Technological Emergence
 


Local Knowledge and Global Technologies


Anushke Guneratne

Bottom up Globalization: How The Internet Empowers Social Movements

This paper discusses how the internet as a form of new media facilitates social movements. The nature of the public sphere and the structure and formation of society needs to be considered to understand how the internet will be useful, or how the internet changes social structures. Different theories of how information and media affect social and political decision making are also discussed. The revolutionary nature of the internet has changed information flow and control, and there are several real-world instances which can be used as an example. The discussion enabled several criteria to be derived which will be helpful


Francisco de Paula Antunes Lima, Cinthia Versiani Scott Varella, Fabiana Goulart de Oliveira, Jacqueline Rutkowski, and Patrick McAnaney

Recycling and Social Technologies: The Brazilian Experience of Wastepicker Inclusion in Selective Collection Programs

Manual collection cartThe objective of this article is to discuss alternatives for destination of urban waste, particularly social technologies developed in diverse forms in Northern and Southern nations. Although environmental issues are a global problem, different alternatives are appearing in central capitalist countries and in developing countries. The determining factor of this difference is the size of the internal consumption market, which produces both the waste itself as well as the forms of treatment.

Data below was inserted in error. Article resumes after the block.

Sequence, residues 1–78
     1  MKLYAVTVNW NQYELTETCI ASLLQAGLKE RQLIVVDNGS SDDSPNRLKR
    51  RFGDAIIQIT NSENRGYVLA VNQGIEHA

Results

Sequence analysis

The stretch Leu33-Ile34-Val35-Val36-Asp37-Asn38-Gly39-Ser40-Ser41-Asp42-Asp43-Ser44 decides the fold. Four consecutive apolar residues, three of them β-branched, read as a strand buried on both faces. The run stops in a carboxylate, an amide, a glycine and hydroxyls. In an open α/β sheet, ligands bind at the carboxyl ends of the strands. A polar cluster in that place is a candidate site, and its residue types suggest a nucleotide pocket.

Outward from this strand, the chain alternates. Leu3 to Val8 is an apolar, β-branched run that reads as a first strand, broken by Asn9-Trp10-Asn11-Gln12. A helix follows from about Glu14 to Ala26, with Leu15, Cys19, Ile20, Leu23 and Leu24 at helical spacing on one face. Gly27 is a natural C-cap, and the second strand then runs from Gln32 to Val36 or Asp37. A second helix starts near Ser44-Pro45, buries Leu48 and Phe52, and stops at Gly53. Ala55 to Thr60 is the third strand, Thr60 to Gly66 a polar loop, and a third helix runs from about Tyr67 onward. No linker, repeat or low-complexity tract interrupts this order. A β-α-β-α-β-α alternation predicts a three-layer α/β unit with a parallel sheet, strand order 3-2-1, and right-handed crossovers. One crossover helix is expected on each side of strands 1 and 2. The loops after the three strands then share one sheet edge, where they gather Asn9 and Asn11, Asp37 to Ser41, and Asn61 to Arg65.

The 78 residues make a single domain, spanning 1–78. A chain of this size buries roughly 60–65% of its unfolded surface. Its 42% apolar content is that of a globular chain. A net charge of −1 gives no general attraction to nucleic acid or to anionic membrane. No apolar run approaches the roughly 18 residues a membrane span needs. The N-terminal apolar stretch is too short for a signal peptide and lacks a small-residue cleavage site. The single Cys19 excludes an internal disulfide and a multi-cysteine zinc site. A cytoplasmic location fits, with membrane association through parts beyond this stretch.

Raoni Rajao

The Digital Jungle: The Role of GIS in the Sociomaterial Creation of Deforestation in the Amazon

Dr. Raoni Rajao presents his research on the intersections of technology, rhetoric, and deforestation in the Amazon rain forest in Brazil. Rajao describes the rhetorical disconnect that happens when Brazilian park rangers try to convince farmers in the Amazon rain forest to stop practices that result deforestation. However, what we in the north call "deforestation", farmers in the Amazon are likely to see simply as "farming." This results in different versions of deforestation clashing with each other. For example, farmers might claim that the deforestation is the result of accidental fire, but rangers argue that if you plant seeds where


GEOTAGS